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All photos: Katherine Gaines

Some would think that four albums and seven years in the industry would create a hubris in a band, but for Girl In A Coma this far from the truth. The three women from San Antonio Texas have managed to navigate the changing musical landscape without alienating fans or sacrificing their integrity as artists. They brought their trill attitude and straight up rock-and-roll to Red Palace for a eager DC audience.

Down for the ride was Deadbeat Darling, a paint-by-numbers rock quartet out of Brooklyn. There isn’t much negative to say about this band—as a group, they have a great sound, and their vocals are tight and not muffled by instrumentals. While they can certainly get loud, it’s their acoustic moments where they truly shine.


What makes these guys not as dynamic as they could be is their interaction as a band; everyone is in their own zone. This is all despite having an awesome drummer, being fronted by the hunk that is Joseph King, and a genre bending flavor of rock-and-roll. As a collective, on stage they don’t seem to even seem to recognize one another, but instead are so focused on their individual contribution to the arrangements. Overall, everything about Deadbeat Darling seemed neatly packaged, and served as an easy opener for the real show, Girl In A Coma.


The trio of female might that garnered a packed Red Palace (a definite sight to be seen) wasted no time getting our feet moving. Opening with their track “Control,” lead Nina Diaz sings with such undeniable conviction that proves the lyrics are more than fluff. To these ladies credit, they sound just as good as their studio albums, however, this isn’t to be confused with sounding similar or identical. On “Adjust” the emotion of the lyrics ooze like the sweat that drips from the ladies temples—live, we get the full effect of the words they sing.


As the tempo increases, and they ladies get more intense with their instrumentals, they fall into the hole of being too loud. Conceding the fact that they are rock-and-roll and thus are allowed to be aggressive, it still becomes hard to really enjoy the music if we can’t even hear the lyrics. These are some tough ladies with something to say, there’s no doubt about that. So why not allow us the opportunity to hear you instead of just drums and guitar riffs?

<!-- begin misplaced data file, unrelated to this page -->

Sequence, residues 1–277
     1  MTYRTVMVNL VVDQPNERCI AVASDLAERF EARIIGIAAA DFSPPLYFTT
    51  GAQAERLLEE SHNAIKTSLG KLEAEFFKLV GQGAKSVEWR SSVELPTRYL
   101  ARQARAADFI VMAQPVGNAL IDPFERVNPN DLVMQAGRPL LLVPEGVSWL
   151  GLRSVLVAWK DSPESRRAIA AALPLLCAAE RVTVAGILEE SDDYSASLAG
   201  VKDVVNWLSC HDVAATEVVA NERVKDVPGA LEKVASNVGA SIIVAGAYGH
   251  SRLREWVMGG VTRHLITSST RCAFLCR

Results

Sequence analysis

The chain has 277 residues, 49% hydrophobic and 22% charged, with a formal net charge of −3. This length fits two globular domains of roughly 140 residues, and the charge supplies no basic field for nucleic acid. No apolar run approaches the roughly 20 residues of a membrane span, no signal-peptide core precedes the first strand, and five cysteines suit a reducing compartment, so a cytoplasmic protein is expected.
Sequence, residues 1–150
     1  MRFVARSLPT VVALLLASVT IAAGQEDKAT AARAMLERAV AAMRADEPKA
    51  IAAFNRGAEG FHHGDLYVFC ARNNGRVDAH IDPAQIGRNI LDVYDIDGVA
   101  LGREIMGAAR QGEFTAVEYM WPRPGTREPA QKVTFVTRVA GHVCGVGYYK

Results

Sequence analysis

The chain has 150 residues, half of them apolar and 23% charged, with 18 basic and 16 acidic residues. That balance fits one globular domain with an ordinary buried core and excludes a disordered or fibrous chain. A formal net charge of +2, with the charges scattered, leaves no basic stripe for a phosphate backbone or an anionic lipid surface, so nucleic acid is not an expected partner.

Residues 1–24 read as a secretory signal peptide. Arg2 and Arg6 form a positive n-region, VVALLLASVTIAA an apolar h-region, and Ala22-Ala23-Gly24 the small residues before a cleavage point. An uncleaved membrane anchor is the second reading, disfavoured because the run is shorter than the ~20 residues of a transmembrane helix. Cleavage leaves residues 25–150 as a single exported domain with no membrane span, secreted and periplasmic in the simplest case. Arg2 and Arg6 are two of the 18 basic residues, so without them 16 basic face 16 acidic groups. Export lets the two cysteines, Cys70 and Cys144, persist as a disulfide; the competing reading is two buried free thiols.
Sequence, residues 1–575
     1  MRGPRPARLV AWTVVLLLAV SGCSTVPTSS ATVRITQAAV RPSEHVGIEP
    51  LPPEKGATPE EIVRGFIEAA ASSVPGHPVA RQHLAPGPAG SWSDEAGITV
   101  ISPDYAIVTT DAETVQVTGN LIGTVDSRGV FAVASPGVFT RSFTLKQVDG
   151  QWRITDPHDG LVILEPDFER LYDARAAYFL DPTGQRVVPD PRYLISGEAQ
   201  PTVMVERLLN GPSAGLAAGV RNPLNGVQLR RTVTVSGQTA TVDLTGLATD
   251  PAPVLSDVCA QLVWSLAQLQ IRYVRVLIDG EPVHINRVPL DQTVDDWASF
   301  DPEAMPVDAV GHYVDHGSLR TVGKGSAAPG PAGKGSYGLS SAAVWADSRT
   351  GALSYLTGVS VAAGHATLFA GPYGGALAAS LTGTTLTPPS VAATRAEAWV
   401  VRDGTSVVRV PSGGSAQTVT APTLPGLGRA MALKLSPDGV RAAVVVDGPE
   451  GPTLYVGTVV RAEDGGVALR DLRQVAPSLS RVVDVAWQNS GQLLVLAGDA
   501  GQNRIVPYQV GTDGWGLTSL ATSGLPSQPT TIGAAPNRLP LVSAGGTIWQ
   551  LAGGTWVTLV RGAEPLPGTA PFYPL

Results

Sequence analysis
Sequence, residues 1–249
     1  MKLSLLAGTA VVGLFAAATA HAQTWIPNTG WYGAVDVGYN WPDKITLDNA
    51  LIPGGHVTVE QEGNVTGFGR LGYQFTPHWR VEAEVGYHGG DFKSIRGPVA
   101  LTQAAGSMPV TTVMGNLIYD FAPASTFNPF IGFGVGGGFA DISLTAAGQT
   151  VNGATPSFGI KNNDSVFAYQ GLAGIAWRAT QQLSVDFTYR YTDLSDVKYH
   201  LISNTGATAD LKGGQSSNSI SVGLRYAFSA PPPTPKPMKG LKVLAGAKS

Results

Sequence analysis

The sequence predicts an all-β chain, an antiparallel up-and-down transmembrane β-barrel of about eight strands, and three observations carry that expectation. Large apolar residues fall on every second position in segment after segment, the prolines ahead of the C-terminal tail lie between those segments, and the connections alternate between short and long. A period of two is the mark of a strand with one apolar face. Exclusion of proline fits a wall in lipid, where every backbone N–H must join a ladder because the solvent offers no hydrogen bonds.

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Looking around the unusually crowded venue, these ladies clearly have dedicated fans in the area. What struck me as odd was the subdued nature of the audience, despite such rowdy instrumentals—the interest and attention were there, but not the movement. Here I point to a weak crowd interaction from the band; there didn’t seem to be much interlude dialogue, and everyone loves to be recognized by their favorite band.

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Overall as their set went, Girl In A Coma stuck to their most recent release, shining on tracks like “She Had A Plan” and “Knocking At Your Door.” It would have been great to have had more of a medley of past and present, but considering their extensive library of available tracks, no hurt feelings here. Exits & All The Rest plays as a decent touring album, each of the ladies’ individual talents are on display here. Speaking of, their fourth studio album is fully available on both iTunes and Spotify.

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  • Deadbeat Darling

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